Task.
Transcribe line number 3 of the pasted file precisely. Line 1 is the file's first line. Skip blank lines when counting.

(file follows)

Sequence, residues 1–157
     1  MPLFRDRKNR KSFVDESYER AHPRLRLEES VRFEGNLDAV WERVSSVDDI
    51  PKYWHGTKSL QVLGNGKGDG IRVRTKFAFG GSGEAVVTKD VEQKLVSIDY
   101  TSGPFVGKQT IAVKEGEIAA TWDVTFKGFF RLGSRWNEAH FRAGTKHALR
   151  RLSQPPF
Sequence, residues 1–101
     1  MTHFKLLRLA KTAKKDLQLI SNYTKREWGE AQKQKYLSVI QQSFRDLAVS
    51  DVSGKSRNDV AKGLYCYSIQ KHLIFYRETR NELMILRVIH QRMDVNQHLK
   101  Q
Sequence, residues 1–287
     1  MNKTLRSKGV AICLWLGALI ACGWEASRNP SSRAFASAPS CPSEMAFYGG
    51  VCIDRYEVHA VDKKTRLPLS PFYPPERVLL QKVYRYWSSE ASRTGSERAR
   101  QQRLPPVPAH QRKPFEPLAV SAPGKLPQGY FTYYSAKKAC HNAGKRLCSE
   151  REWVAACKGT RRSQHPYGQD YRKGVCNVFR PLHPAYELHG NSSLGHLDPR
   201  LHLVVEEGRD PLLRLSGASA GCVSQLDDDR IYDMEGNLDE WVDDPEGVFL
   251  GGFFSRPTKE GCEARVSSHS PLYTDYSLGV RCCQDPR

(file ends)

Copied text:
    51  PKYWHGTKSL QVLGNGKGDG IRVRTKFAFG GSGEAVVTKD VEQKLVSIDY